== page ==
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The pitch drop experiment is a long-term experiment which measures the flow of a piece of pitch over many years. Pitch is the name for any of a number of highly viscous liquids which appear solid, most commonly bitumen. At room temperature, tar pitch flows at a very slow rate, taking several years to form a single drop.

The most famous version of the experiment was started in 1927 by Professor Thomas Parnell of the University of Queensland in Brisbane, Australia, to demonstrate to students that some substances that appear to be solid are in fact very-high-viscosity fluids. Parnell poured a heated sample of pitch into a sealed funnel and allowed it to settle for three years. In 1930, the seal at the neck of the funnel was cut, allowing the pitch to start flowing. Large droplets form and fall over the period of about a decade.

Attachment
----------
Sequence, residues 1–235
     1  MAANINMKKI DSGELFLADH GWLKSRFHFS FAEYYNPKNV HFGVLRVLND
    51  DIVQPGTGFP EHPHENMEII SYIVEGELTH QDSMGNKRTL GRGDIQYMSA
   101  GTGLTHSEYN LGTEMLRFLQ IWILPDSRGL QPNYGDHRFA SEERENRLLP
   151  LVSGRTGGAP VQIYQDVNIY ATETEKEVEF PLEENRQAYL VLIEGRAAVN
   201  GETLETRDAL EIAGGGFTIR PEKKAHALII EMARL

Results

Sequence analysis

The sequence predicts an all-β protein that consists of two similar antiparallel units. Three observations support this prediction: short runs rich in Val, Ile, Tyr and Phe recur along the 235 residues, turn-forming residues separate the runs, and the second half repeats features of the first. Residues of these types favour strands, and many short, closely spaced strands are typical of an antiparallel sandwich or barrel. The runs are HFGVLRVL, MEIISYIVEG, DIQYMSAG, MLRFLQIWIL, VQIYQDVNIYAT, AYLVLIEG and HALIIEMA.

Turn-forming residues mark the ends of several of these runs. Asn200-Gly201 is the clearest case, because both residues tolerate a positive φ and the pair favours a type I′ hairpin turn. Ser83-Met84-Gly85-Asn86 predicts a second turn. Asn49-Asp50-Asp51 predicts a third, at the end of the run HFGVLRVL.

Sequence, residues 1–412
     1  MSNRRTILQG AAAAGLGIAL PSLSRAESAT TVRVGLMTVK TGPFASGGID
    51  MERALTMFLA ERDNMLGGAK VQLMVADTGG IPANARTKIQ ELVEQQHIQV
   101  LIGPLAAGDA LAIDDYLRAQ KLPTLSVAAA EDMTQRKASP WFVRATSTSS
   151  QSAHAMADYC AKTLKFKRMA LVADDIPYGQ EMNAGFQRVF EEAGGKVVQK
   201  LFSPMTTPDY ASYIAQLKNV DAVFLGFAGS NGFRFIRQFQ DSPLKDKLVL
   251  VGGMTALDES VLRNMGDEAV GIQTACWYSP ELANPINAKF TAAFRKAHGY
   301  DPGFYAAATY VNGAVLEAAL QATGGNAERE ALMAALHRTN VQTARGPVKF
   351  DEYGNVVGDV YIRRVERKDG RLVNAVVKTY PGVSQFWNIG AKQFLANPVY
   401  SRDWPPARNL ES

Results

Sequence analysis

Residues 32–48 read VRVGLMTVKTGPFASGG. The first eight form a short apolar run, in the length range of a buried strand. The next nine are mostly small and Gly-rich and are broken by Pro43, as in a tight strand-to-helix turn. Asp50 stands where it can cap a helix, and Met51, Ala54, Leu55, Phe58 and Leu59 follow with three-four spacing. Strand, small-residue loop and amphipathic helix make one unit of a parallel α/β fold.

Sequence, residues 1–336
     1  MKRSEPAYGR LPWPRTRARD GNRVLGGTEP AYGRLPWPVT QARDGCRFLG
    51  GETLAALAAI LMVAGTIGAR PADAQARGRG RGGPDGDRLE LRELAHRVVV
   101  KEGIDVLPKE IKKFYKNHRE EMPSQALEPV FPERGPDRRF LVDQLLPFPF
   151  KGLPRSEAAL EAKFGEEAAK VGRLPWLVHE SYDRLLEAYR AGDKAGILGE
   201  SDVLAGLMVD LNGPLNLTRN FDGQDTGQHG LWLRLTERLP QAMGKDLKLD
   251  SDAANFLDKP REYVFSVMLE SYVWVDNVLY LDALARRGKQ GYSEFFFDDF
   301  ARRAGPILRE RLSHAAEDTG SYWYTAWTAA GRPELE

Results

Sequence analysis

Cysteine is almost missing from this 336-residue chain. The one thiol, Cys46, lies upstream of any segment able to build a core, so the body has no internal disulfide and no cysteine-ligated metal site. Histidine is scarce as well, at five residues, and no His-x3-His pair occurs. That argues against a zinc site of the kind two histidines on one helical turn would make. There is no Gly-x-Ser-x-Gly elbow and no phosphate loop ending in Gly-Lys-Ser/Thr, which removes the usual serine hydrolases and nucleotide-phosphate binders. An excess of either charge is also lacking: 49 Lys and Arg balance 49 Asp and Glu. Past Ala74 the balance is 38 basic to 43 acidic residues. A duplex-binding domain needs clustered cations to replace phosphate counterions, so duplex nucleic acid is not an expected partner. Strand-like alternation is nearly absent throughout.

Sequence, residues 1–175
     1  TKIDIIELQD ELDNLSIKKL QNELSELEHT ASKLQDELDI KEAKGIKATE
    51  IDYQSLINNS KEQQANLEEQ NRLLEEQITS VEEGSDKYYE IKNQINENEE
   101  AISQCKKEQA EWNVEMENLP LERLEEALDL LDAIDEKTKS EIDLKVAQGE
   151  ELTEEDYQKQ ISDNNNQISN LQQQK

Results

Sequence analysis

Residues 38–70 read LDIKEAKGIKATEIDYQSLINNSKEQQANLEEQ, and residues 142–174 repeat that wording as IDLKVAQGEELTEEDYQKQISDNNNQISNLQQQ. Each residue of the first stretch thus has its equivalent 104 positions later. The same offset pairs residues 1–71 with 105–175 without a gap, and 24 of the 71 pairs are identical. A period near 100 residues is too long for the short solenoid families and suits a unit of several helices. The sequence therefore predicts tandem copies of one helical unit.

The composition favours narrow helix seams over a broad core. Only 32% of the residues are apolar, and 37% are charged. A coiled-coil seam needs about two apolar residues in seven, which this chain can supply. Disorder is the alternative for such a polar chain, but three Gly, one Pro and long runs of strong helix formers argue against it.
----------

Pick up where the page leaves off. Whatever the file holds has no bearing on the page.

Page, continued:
The eighth drop fell on 28 November 2000, allowing experimenters to calculate that the pitch has a viscosity approximately 230 billion (2.3×1011) times that of water. 

The ninth drop is expected to fall in 2013!!






1927     Experiment set up  
1930     The stem was cut  
December 1938     1st drop fell96–1078.0–8.9
February 1947     2nd drop fell998.3
April 1954     3rd drop fell867.2
May 1962     4th drop fell978.1
August 1970     5th drop fell998.3
April 1979     6th drop fell1048.7
July 1988     7th drop fell1119.3
28 November 2000     8th drop fell14812.3

Comentarios » Ir a formulario

Autor: Anónimo

I couldn´t imagine something more viscous!

Fecha: 18/04/2013 19:08.

Autor: Irene 6ºA

I couldn´t imagine something more viscous!

Fecha: 18/04/2013 19:09.

Autor: Estibaliz

It's weird, isn't it?

Fecha: 19/04/2013 10:21.

Autor: Irene 6ºA

Yes, it´s really weird

Fecha: 23/04/2013 20:07.

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